(define (insert m) (node% (leaf% (the-real-min n m)) (leaf% (the-real-max n m))))

In the case of inserting a number into a node, we compare the number against the maximum of the left sub-tree to determine if the number should be inserted in the left or right:

node%

 (define (insert n) (cond [(> n (this . left . max)) (node% (this . left) (this . right . insert n))] [else (node% (this . left . insert n) (this . right))]))
##### 20.4.1Queues

The University Registrar is instituting a new course registration system, in which each student will wait in a “Virtual Line” until every student ahead of them has registered. A simple way to represent a line (also known as a queue) is by using a list. But this representation makes it slow to add somebody to the end of the line (or to take somebody off the front of the line, depending on whether the front of the list represents the front or rear of the line).

In order to provide maximal waiting efficiency, you have been tasked with implementing a representation that uses two lists! The key idea of this fancy representation is that one list will represent some portion of the front of the line, while the other will represent the remainder of the line in reverse order. So if you’re the first element of the first list, you are at the head of the line. On the other hand, if you’re the first element of the second list, you are the very last person in line.

Here is the interface for queues:
 ;; A [IQ X] implements: ;; head : -> X ;; Produce the element at the head of this queue. ;; Assume: this queue is not empty. ;; deq : -> [IQ X]      (Short for "dequeue") ;; Produces a new queue like this queue, but without ;; this queue's first element. ;; Assume: this queue is not empty. ;; enq : X -> [IQ X]    (Short for "enqueue") ;; Produce new queue with given element added to the ;; END of this queue. ;; emp? : -> Boolean ;; Is this queue empty?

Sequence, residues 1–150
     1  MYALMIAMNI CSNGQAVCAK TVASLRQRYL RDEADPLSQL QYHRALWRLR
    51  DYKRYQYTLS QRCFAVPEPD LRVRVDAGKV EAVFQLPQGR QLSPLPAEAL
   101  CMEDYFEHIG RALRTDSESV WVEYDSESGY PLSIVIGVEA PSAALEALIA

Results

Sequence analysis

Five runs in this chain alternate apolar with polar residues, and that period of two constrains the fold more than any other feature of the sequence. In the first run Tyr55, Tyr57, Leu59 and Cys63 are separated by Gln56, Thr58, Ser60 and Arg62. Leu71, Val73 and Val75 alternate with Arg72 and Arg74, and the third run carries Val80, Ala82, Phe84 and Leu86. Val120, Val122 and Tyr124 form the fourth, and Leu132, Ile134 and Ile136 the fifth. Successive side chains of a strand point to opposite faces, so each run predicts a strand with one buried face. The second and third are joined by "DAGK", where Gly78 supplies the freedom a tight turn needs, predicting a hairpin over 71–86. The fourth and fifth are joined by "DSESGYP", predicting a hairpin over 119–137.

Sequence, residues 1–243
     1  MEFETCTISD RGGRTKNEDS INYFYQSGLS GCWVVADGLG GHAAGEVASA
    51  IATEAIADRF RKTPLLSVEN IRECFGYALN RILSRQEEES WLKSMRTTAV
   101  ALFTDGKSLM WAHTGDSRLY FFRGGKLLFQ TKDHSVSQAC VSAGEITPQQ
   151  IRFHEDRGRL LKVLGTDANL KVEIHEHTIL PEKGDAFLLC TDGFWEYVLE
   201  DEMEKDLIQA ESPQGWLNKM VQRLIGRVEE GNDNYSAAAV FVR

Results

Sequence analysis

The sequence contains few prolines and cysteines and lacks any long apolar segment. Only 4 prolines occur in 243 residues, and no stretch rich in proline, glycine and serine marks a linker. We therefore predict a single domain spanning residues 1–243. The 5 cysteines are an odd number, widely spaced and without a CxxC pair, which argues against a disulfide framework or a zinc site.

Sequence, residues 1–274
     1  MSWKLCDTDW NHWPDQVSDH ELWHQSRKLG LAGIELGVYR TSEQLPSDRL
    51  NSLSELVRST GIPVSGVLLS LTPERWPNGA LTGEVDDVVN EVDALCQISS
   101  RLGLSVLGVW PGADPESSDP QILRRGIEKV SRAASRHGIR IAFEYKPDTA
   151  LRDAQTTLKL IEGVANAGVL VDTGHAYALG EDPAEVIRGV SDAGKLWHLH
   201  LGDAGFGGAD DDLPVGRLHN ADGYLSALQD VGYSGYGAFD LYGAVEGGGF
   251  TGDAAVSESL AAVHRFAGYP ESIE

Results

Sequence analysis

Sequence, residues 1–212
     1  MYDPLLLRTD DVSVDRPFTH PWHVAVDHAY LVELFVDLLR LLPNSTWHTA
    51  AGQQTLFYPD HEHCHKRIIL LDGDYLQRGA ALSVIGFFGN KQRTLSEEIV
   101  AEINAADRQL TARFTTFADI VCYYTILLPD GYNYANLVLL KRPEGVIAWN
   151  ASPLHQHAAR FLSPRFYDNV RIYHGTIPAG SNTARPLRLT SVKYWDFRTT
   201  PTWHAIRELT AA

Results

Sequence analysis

The head and deq operations require that the queue be non-empty when they are used, but this can be assumed and these operations do not need to check for an empty queue.

Further, the Registrar’s office has just learned about invariants, and insists on maintaining the following invariant about all of their queues:

if the front of the queue is empty, the whole queue must also be empty.

The Registrar’s office has given you three tasks to prepare their Virtual Line for its launch later this semester:

• Design an implementation of the queue data structure to the Registrar’s specifications. You must maintain the invariant stated above, and you should take advantage of the invariant when implementing the operations.

• Unfortunately, when testing the queue, the Registrar has discovered that some queues with the same elements in the same order can be represented in multiple ways. Give an example of two different representations of the same queue. Implement a to-list operation which produces a list of elements going in order from the front to the rear of the queue. In your tests, you should show how this addresses the problem.

• The Registrar has a problem with careless data entry. Design and implement a constructor for queues which, given two input lists of elements, ensures that the invariant is maintained.